Some big updates were made to my Typing Speed Test. I’ve spent the last two weeks brainstorming and implementing ideas I thought would make it more useful. Once I found I could easily capture the speed at which the keys were typed I realized that this also meant I could deduce how fast each finger was moving.
However, to be able to accommodate Dvorak and Colemak users, I had to make the user’s keyboard layout one of the configuration items. I also realized that not everyone types according to the standard fingering positions, including myself. I noticed this back when I was learning the Dvorak layout. My right pinky kept getting really sore. When I switched back to the QWERTY layout, I noticed that the only keys I used my Right Pinky for were the “Enter” key and the “Right Shift” key. To accommodate the people who deviate from the norm, I also made it so users could manually set which fingers they used for each key.
Allowing users to change the normal Finger-to-Key mapping lead to some hard user interface decisions. What I ended up creating was a keyboard map where the user changed a key’s mapping by clicking it one or more times. When it’s clicked, its mapping goes to the next finger in the legend. I initially had a design that used radio buttons, but I didn’t like all of the back and forth movement it caused with the mouse. I’m still not sure I have the best design, but for now I think what I have works fine. Below you can see an picture of the user interface. The keys are set with the finger positions I typically use.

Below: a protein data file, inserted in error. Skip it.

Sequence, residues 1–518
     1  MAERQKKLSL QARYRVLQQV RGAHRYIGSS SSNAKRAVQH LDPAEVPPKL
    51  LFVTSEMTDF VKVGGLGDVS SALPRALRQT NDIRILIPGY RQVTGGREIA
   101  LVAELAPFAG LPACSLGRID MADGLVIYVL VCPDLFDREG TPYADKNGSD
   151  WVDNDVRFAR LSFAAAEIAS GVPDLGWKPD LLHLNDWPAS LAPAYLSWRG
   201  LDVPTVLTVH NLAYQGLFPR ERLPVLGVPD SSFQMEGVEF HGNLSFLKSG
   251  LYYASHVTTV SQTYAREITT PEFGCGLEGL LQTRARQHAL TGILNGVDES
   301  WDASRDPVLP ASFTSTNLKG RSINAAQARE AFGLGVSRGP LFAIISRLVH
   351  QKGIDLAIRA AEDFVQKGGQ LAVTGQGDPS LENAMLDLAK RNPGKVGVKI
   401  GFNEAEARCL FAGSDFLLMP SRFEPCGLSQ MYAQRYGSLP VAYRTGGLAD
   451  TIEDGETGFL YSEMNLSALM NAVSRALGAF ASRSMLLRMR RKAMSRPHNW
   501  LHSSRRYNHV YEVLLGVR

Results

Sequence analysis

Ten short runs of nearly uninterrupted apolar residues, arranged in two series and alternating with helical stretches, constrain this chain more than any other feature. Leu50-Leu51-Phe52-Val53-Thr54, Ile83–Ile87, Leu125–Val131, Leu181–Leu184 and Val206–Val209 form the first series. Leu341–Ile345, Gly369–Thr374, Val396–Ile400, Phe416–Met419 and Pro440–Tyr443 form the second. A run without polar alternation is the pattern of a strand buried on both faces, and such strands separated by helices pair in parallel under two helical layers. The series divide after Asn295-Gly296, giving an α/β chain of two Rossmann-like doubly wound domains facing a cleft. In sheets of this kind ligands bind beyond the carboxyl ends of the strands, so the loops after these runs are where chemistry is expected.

Once you finish the test you’ll now be presented with stats on how well you typed and stats on how fast your individual fingers were. To make the test more blog friendly, I also decided to present the user with the HTML code for the output tables. Below you can see two of my tables from a run I did.
I should note that the finger speeds are based on all of the key presses you make and not just on the ones that lead to correct words. Also, FireFox seemed to be able to detect Backspace key presses while IE did not.
I still have a bunch more ideas that I want to add in, but I haven’t gotten to them yet (like the hot spot visualization I mentioned in my last post).
If you find any errors or bugs let me know. You can post them in the comment section of this post.